Listings that included the words “solar panel” sold for up to 40% more than expected among entry-level homes but only 13% more among higher-tier homes, a study found.(Stephan Savoia / Associated Press)
Want a solid sales boost? Homes with “exposed brick” in listings sold two weeks faster in 2016-2017 than those that did not include the descriptor. But don’t bother with “luxurious.”(Michael Robinson Chavez / Los Angeles Times)
Home buyers are often hungry for listings mentioning a pizza oven, a feature that can earn sellers 26% more.(Wally Skalij / Los Angeles Times)
When touting features, price points matter. The words “fire pit” fetched entry-level homes a 25% premium. For top-tier homes, that advantage dropped to 4%.(Ricardo DeAratanha / Los Angeles Times)
Combine features such as this farmhouse sink with words such as “captivating” and you could have a winning formula for increasing a home’s sales price, marketers say.(Steve Gaffney / Steve Gaffney)
In real-estate listings, certain words (beautiful, captivating) and features (pizza oven, farmhouse sink) can swing a home’s sale price by thousands of dollars, according to research conducted by the real-estate firm Zillow.
Crafting verbiage for a listing is all about making a home seem unique –– just don’t use that word. It can slash a home’s price by 30% to 50%, according to a Zillow analysis of 24,000 sales published in “Zillow Talk: The New Rules of Real Estate Language.”
“Unique” and other “price-threatening messages” convey the idea that homes “tend to need work, or some kind of rehab,” according to the book’s co-authors.
On the other hand, the words “beautiful” and “captivating” can boost sales by 2.3% and 6.5%, respectively.
Words and sales prices are “not necessarily a causational situation,” said Matt Kreamer, Zillow’s manager of data public relations. “It’s a bit of a chicken-and-egg question. But an agent can take some of this information when considering the best things to highlight.”
Indeed, crafting evocative language is perhaps a neglected skill in an era when homes can be bought sight unseen following a FaceTime or Skype walk-through.
Does your home have a steam shower or heated floors? If so, mention that near the top of a listing; including either feature earned sellers a 29% higher sales price than listings without them, according to Zillow’s analysis of 3.6 million home sales between 2016-2017.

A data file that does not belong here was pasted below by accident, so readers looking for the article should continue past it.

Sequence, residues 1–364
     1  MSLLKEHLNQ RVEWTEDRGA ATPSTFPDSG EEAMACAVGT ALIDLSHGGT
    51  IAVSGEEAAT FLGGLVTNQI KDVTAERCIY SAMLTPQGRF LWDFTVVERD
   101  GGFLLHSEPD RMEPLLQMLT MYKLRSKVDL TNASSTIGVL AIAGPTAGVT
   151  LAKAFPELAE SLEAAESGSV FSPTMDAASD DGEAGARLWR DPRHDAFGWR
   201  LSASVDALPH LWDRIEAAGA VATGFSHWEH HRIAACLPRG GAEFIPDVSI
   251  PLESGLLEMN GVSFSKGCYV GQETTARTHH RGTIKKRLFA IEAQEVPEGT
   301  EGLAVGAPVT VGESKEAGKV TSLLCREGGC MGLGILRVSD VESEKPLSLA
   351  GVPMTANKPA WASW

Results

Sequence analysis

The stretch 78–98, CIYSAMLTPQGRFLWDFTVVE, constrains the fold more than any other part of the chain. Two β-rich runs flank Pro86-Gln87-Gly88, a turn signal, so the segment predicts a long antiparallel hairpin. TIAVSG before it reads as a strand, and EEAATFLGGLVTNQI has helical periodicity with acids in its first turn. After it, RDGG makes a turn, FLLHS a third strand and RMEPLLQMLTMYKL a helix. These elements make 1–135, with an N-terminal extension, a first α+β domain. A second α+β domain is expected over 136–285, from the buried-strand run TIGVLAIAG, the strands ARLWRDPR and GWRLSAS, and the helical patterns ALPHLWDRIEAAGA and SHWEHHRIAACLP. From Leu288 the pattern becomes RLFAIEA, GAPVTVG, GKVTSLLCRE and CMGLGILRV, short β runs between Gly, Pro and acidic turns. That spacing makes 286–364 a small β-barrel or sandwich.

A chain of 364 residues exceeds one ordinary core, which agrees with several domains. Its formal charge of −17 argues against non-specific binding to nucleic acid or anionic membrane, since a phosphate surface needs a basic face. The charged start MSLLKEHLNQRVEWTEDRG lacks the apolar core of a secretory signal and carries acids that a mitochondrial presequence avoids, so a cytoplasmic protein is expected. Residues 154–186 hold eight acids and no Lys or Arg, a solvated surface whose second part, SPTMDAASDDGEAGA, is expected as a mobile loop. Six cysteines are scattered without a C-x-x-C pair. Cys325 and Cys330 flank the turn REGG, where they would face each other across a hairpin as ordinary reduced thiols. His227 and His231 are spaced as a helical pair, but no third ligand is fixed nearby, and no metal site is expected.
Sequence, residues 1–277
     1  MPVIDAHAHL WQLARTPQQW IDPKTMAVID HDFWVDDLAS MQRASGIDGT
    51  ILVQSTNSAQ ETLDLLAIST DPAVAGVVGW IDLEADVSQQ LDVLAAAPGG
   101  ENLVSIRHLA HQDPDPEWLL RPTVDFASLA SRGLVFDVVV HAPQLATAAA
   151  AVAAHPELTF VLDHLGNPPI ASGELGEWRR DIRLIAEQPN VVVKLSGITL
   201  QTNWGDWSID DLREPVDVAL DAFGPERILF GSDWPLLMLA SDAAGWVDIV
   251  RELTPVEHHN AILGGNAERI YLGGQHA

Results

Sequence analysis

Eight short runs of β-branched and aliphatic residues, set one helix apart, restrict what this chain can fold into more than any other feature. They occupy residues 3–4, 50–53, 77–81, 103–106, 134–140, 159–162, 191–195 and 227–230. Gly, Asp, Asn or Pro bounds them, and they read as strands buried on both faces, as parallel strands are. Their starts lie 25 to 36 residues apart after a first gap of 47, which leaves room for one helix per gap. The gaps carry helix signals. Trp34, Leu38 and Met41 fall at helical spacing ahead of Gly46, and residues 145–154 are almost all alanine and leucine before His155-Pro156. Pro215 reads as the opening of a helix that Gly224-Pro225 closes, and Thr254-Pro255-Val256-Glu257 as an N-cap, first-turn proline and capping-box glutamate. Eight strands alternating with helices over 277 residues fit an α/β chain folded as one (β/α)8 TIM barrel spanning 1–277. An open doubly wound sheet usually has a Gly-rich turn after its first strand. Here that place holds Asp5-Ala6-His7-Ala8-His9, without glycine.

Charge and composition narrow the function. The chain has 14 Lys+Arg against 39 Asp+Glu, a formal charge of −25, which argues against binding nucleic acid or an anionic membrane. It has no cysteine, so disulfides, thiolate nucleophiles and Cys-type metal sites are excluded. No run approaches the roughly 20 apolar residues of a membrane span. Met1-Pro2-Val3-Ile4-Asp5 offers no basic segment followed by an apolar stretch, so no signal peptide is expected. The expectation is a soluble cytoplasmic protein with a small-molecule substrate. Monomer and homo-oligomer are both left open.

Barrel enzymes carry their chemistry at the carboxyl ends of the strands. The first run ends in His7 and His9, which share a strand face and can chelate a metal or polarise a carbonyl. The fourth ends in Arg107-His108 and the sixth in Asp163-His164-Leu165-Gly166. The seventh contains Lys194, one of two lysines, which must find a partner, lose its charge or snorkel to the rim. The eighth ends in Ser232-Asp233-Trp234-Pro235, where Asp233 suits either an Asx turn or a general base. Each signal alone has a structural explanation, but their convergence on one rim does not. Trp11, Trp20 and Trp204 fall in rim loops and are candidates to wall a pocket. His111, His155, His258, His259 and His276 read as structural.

The words “professional appliances” also ranked as high, and “pizza oven” served up some serious dough –– 26% more.
Advances in text-mining software have made word analysis of millions of listings comparatively easy. To be more specific in its study of 100 listing terms from 2016-2017 listings, Zillow compared similar listings within certain variables such as the year homes were built and sold, as well as property size and other factors.
In a separate study, different features scored better or worse when matched with price points. Listings that included “solar panel” sold for up to 40% more than expected among entry-level homes but only 13% more among higher-tier homes. The RealEstate.com study (a Zillow Group brand) analyzed 1.9 million home sales between 2016 and 2017.
The words “fire pit,” “wainscot,” “pergola” and “mudroom” fetched entry-level homes about a 25% premium. For top-tier homes, that advantage dropped to as low as 4%.
Words may also speed up sales: Homes with “exposed brick” in listings sold two weeks faster in 2016-2017 than those that excluded the descriptor. Other sale-speeding citations — “subway tile,” “open shelving” and “mid-century.”
Of course, such components actually need to exist within those homes. Fudging descriptions in listings only annoys potential buyers.
While Zillow associated an 8% premium increase with the word “luxurious,” some marketers believe the adjective is passé.
“It’s so overused by the real-estate industry,” said Mike Akerly, vice president of the San Francisco-based real estate sales and marketing firm Polaris Pacific. ‘“Luxury’ is used to sell $700,000 homes in the suburbs, to $2,000 rental apartments off the 405 freeway.”
Instead, some sellers employ language that merely suggests luxury to today’s homebuyer, without saying the word. For example, targeting a niche audience by touting an app that automates all home functions.
The marketers of condominiums in Ten50, a downtown Los Angeles residential tower, said they wanted to mimic the “style, swagger and wit” of a luxe fashion magazine in their sales brochure.
Fashion models — one eating at a food truck, another simply looking cool striding around downtown — parade through the lustrous pages.
The copy mentions “the first-ever delivery-ready drone landing pad” (“Place an order. Watch it land.”).
As many real estate listings would describe it: luxury, redefined.